It was a fast read–11 chapters that have advice and insight that, while not earth-shattering or exactly new, are needed.
This is a book that I think you could give to a friend who’s not practicing or questioning the faith as easily as you could share it with a family member who’s lukewarm.
Peterson shares his story and how his life was transformed. His business background shows in his writing style–that’s part of what makes it a fast read.
The foreword is by Scott Hahn (no small feat!), and Hahn sets the tone for the book’s purpose in one of his final paragraphs:
It is sad that we can speak of many once-Christian lands that have drifted from their former ardor. And what America becomes largely depends on what Americans do for the New Evangelization. This is the work God has created us to do. It is work that can give greater meaning not only to the lives of those who help, but to our own as well.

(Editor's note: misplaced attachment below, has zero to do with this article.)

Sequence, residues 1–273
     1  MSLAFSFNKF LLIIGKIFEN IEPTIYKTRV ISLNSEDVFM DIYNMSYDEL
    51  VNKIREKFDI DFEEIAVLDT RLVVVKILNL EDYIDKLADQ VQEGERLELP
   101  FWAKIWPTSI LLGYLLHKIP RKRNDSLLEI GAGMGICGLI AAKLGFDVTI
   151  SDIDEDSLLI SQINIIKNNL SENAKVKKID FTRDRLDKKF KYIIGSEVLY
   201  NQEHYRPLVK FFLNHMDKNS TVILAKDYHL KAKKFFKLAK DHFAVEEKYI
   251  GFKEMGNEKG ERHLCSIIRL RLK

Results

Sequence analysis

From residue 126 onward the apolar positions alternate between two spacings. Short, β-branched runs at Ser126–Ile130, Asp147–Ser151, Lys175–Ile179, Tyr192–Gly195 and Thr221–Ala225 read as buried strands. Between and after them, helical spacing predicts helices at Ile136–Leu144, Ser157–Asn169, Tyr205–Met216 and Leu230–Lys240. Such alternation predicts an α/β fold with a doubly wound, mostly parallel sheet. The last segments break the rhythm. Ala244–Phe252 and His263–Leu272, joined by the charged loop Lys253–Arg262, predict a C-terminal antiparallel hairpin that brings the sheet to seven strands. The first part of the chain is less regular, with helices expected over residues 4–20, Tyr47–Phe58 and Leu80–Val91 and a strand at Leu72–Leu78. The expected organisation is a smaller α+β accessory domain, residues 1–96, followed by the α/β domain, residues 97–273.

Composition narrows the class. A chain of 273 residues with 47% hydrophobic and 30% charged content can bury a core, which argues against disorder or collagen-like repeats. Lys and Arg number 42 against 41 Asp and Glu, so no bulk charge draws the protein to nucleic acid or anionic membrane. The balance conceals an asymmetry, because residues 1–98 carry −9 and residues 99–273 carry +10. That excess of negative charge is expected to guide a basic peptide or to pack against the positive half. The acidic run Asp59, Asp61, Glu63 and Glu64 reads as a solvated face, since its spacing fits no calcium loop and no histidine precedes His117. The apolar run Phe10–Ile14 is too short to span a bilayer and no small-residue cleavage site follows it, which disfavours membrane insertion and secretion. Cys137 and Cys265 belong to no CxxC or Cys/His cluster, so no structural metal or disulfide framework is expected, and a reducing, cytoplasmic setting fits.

In the book, you’ll see the passion and excitement that lies beneath the Catholics Come Home “evangomercials” and other campaigns. You’ll have a glimpse at what inspired that work and maybe you’ll even be motivated to break out of your own faith rut.
The important work we do is in our own parishes, our own families, our own homes. Though Peterson has a glittery story, that’s the heart of his message and of the call to the New Evangelization. Sharing the love of Jesus and the invitation to the Eucharist starts with the faces you see every day:
Jesus is asking you now to tell others about our Father’s love. Are you ready to join the New Evangelization? Are you willing to serve in the irreplaceable role that only you can fulfill? Are you prepared to help invite nearly one billion souls into the largest family reunion in history?
Not a bad book, all in all. One I’ll be sharing, that’s for sure, and one that has made me really think about the affect an intentional invitation can have on others.